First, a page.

Unsung star to throw swing game
Sosa's first career postseason start is pivotal point in series
HOUSTON -- Unsung heroes have emerged out of the Braves' Minor League system all season, as evidenced by Jeff Francoeur being a National League Rookie of the Year candidate and 21-year-old Brian McCann belting a three-run homer off Roger Clemens in Game 2 of the NL Division Series on Thursday night.
As significant as the rookies have been for Atlanta this season, you can make an argument that no first-year Brave has contributed more than Jorge Sosa.
With little fanfare, Sosa has simply solidified a rotation that was blitzed by injuries. Essentially, the 27-year-old right-hander filled the void created when Mike Hampton went down.
Tossed into the rotation after being a reliever, Sosa finished with a 13-3 record with a 2.55 ERA in 44 games. The Braves went 15-4 in games Sosa started.
Because of his solid season, manager Bobby Cox is starting Sosa in Game 3 of the NL Division Series with the Astros on Saturday at Minute Maid Park. The Astros are countering with Roy Oswalt, who boasts a 20-12 record.
"He's meant everything, really, ever since he went into the rotation," Cox said. "We got him as a power reliever. We had too many starters go down."
At one stretch, Hampton, Tim Hudson and John Thomson were on the disabled list at the same time. If Sosa hadn't stepped in and stepped up, Cox isn't so sure the Braves could have held together enough to go on and win their 14th straight division title.
"Without him, we wouldn't have recovered, I don't think," Cox said. "He pitched like a guy that was in the rotation, one of those guys making, you know, $7-$8 million."
On a staff anchored by front-line starters John Smoltz and Hudson, Sosa tends to get overlooked. Yet Smoltz and Hudson each won 14, while Sosa had 13.
Away from home, Sosa has literally been perfect. His 9-0 road record, with a 1.82 ERA, is proof. It's the best road winning percentage of any pitcher in the Majors with 10 or more starts. Chris Carpenter of the Cardinals was 12-1 away.
The only starter with a better road ERA than Sosa is Clemens' 1.32.
"I was concentrating on the road, pitching good," Sosa said through a translator Friday. "At home, I was trying to do the same as pitching on the road. I was trying to pitch on the road the way my pitching coach [Leo Mazzone] was telling me."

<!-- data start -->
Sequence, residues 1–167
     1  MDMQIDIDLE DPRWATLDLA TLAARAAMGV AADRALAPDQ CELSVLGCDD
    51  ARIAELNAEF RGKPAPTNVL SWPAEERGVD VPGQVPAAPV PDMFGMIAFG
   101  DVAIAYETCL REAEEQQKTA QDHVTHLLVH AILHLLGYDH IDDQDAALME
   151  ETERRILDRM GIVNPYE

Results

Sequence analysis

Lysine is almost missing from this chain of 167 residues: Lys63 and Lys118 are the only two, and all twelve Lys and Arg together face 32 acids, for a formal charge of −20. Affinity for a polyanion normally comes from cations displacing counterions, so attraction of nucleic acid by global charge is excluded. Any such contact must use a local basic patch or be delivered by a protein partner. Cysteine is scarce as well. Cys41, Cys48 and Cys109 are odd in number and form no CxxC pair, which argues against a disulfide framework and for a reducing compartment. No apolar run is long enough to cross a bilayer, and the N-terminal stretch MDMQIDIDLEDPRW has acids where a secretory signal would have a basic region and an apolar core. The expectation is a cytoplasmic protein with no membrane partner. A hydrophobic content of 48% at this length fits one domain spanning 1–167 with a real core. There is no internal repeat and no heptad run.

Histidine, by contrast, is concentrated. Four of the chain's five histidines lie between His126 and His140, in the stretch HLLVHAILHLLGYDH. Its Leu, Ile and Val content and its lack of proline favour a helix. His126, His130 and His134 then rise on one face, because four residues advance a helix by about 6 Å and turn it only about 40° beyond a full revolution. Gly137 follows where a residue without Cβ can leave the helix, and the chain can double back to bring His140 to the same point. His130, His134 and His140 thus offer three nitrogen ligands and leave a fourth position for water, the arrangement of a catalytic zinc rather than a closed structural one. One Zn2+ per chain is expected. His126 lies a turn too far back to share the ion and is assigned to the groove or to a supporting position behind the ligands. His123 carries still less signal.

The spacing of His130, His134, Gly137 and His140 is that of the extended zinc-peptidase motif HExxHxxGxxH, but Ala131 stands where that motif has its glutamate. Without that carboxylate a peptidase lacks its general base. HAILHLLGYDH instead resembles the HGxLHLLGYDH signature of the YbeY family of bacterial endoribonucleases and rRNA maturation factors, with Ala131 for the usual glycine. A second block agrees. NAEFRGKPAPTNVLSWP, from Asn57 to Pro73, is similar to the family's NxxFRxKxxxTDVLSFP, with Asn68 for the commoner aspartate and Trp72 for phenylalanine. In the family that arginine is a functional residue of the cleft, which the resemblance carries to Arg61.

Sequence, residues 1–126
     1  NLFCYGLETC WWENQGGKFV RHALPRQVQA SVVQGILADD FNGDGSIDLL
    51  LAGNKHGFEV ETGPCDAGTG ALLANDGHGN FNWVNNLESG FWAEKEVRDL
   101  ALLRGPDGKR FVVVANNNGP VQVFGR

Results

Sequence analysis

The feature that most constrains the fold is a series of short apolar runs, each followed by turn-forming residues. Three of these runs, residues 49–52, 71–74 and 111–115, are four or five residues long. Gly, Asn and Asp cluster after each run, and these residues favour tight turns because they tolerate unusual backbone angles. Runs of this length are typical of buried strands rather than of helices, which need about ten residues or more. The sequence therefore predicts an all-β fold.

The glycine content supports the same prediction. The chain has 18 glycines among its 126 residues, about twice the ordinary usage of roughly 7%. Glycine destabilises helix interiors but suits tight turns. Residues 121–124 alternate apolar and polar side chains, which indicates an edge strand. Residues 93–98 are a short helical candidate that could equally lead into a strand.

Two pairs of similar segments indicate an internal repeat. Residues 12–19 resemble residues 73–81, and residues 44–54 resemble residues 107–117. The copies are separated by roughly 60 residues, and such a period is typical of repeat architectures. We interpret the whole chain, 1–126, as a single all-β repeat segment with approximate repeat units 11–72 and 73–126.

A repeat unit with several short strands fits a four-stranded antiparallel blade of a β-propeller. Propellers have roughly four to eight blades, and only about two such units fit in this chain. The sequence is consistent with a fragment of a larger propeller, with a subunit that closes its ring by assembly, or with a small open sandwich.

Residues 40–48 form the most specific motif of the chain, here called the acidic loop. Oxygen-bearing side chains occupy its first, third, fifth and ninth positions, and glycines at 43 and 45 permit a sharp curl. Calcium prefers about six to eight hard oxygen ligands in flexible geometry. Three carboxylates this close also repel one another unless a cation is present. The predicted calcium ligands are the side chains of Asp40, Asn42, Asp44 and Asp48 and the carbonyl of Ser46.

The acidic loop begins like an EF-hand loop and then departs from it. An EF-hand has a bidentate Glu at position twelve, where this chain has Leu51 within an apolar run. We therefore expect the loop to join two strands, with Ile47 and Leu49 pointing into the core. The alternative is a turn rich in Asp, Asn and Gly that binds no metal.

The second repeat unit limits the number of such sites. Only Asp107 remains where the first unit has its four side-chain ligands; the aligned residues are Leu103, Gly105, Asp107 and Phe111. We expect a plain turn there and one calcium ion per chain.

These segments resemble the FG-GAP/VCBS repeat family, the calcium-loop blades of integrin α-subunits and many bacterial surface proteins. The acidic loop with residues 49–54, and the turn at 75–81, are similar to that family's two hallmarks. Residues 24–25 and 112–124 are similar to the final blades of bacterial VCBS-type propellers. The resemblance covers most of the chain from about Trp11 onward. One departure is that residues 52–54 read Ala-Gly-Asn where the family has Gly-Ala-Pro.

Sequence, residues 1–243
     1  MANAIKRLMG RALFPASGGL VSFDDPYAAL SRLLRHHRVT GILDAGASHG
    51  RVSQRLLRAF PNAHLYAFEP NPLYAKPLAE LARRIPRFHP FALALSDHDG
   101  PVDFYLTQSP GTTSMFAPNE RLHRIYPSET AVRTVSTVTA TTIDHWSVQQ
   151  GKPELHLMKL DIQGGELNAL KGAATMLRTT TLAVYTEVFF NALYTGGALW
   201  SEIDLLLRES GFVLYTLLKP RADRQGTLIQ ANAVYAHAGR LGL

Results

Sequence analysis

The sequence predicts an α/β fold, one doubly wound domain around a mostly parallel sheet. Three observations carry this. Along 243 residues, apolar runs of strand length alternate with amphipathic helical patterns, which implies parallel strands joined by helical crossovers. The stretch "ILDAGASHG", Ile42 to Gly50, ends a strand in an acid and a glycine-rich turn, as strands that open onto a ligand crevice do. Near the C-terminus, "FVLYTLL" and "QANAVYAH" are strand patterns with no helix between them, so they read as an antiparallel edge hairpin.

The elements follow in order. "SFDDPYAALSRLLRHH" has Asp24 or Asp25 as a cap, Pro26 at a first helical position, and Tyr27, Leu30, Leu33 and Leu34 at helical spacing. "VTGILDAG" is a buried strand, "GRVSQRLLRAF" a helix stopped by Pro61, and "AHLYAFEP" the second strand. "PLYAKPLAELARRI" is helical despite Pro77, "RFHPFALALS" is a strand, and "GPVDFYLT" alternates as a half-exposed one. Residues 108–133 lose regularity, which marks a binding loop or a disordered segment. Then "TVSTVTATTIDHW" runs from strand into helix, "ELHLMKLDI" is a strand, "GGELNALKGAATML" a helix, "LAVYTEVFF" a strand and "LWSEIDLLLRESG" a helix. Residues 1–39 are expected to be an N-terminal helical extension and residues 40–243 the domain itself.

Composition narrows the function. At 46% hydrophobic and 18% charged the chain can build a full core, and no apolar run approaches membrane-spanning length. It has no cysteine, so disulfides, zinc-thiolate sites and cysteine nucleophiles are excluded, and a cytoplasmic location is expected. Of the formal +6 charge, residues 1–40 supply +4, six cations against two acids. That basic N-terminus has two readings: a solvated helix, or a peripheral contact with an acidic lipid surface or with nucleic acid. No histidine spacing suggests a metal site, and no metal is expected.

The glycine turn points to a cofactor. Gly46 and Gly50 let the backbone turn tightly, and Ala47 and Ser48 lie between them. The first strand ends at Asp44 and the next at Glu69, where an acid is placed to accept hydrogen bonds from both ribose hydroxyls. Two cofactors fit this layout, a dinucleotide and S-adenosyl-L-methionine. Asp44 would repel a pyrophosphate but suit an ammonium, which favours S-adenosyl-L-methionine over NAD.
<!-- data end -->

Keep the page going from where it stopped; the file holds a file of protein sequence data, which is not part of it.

Whatever the secret for his road success, it worked. The Braves are hoping the right-hander continues his road success in a series tied at 1-1.
Sosa also may have an advantage in the fact he hasn't faced the Astros this season.
"It's not so much that they have an advantage," Sosa said. "Maybe we have an advantage or I have an advantage because they haven't seen me pitch. ... Tomorrow I'm going to pitch and do what I have to do."
Obtained at the end of Spring Training from Tampa Bay for fan favorite Nick Green, Sosa was brought in to add a power arm to the bullpen.
Now he's found success taking the ball every fifth day. As a starter, he's 10-3 with a 2.62 ERA. While he has a career-high 134 innings pitched, Sosa showed no signs of slowing down the final month, posting a 4-0 record with a 2.08 ERA in September.
Sosa's success is just the latest example of a pitcher with less than sterling credentials flourishing when they don a Braves uniform. One previous example is Jaret Wright, who rebounded from an injury-riddled career to win 15 games in 2004.
Now Sosa has logged 13 wins when he never previously won more than five. Even that year wasn't particularly rewarding, as Sosa went 5-12 with a 4.62 ERA for the Devil Rays in 2003.
Astros manager Phil Garner knows the difficulties of replacing starting pitching with quality starting pitching.
"You can always get somebody to throw, but to get them to perform well, I think we've done a good job," Garner said. "I tip my hat to the Atlanta Braves. They're in very much the same situation we are. Fourteen times in a row they've won the division, and they've had a different cast of characters doing it. ... Sosa, he's certainly done a fine job."
Joe Frisaro is a reporter for MLB.com. This story was not subject to the approval of Major League Baseball or its clubs.